By 2008 the existing UPS system was reaching maximum capacity and a second UPS system, ATS and all associated switchgear were added to meet the increased demand. The new UPS system split the A side and the B side between the separate diesel banks and it was referred to as A1.UPS and B1.UPS. This established a System + System redundancy from the emergency power source to the IT load, but the switchgear lacked any automation. To switch the UPS load to one side for system maintenance required a complex manual procedure and a very knowledgeable staff.

The original UPS system still had both the A side and B side tied to the same generator bank and required a highly labor-intensive process to switch manually. The switchgear was spread over three floors and required technicians stationed on each floor to manage the process. UPS 1 and UPS 2 had numerous single points of failure and had become difficult to maintain. These legacy units also shared the same physical space presenting a single point of failure that might take out both UPS systems and 40 percent of the data center loads. Therefore, UPS 1and UPS 2 represented a lurking vulnerability within the data center infrastructure.


When the data center was originally built, the Fortune 500 company chose to use Cat generator sets and ancillary power equipment, and it turned to Caterpillar again for restructuring the power system. The Cat team was able to draw on their vast expertise in power generation from the many industries and global regions they serve to develop a customized solution that would address the unique backup power needs of the facility. For example, the Cat team could implement a solution, or an element of a solution, that had previously been designed by Caterpillar for work in the marine, mining or building and construction industries. Caterpillar engineers worked col.laboratively with engineers from the data center, and together they developed a solution that would use the existing generator sets with the installation of new Cat double conversion UPS systems, new Cat switchgear and new Cat Automatic Transfer Switches (ATS), all of which are compliant with the latest regulations. This decision substantially reduced the cost of the project by about one-third — a project that was originally estimated to cost $15 million was completed for $5.5 million.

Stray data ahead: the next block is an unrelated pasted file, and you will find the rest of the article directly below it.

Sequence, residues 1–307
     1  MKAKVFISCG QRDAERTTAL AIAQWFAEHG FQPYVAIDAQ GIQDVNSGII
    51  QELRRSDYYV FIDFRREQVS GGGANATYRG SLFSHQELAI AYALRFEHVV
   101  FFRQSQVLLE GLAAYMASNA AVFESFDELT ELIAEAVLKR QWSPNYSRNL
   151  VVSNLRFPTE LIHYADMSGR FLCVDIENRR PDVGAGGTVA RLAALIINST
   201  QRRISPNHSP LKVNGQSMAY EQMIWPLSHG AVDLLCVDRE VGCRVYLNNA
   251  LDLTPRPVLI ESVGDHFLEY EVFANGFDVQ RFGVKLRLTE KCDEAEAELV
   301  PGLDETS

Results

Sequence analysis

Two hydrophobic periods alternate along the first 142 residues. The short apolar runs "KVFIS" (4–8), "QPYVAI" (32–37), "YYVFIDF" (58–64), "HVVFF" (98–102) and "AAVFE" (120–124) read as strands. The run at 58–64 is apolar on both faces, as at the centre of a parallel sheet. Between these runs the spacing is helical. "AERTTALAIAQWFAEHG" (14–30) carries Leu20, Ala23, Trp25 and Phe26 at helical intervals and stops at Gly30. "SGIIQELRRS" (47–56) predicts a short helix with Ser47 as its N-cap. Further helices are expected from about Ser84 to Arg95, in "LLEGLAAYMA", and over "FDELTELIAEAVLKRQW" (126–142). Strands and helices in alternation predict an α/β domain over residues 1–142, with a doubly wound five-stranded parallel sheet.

The Cat team also helped design the physical layout of the new equipment in a way that streamlined operations and increased efficiencies. In the original data center, equipment was spread over three floors – the UPS systems were on the third floor, diesel generator sets were on the first floor, and the substations and ATS were on the second floor. Not only were the new Cat UPS systems and Cat switchgear more efficient and reliable, they were also more compact than the legacy systems, while maintaining the same high level of functionality. The batteries for the legacy Cat UPS systems were much larger than those for the new ones, and the physical space needed for the legacy ATS was a function of the size of the old switchgear. After completion of the project, each UPS side, ATS and associated switchgear was located within the same room, compartmentalized as was each battery bank.